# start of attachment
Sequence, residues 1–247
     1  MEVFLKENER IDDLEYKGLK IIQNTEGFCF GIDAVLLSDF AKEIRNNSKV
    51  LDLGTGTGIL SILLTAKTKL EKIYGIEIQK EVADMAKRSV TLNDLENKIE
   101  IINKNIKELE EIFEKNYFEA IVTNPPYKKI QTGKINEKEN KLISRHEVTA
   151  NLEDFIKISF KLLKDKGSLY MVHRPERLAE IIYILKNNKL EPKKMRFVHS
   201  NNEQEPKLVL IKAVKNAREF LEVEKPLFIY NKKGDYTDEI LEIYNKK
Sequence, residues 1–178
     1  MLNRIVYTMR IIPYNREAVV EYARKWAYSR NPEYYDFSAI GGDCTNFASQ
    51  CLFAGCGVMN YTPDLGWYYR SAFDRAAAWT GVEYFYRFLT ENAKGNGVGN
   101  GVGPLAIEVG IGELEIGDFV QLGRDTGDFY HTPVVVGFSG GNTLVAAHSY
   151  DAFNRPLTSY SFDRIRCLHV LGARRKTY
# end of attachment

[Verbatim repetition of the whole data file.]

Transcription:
Sequence, residues 1–247
     1  MEVFLKENER IDDLEYKGLK IIQNTEGFCF GIDAVLLSDF AKEIRNNSKV
    51  LDLGTGTGIL SILLTAKTKL EKIYGIEIQK EVADMAKRSV TLNDLENKIE
   101  IINKNIKELE EIFEKNYFEA IVTNPPYKKI QTGKINEKEN KLISRHEVTA
   151  NLEDFIKISF KLLKDKGSLY MVHRPERLAE IIYILKNNKL EPKKMRFVHS
   201  NNEQEPKLVL IKAVKNAREF LEVEKPLFIY NKKGDYTDEI LEIYNKK
Sequence, residues 1–178
     1  MLNRIVYTMR IIPYNREAVV EYARKWAYSR NPEYYDFSAI GGDCTNFASQ
    51  CLFAGCGVMN YTPDLGWYYR SAFDRAAAWT GVEYFYRFLT ENAKGNGVGN
   101  GVGPLAIEVG IGELEIGDFV QLGRDTGDFY HTPVVVGFSG GNTLVAAHSY
   151  DAFNRPLTSY SFDRIRCLHV LGARRKTY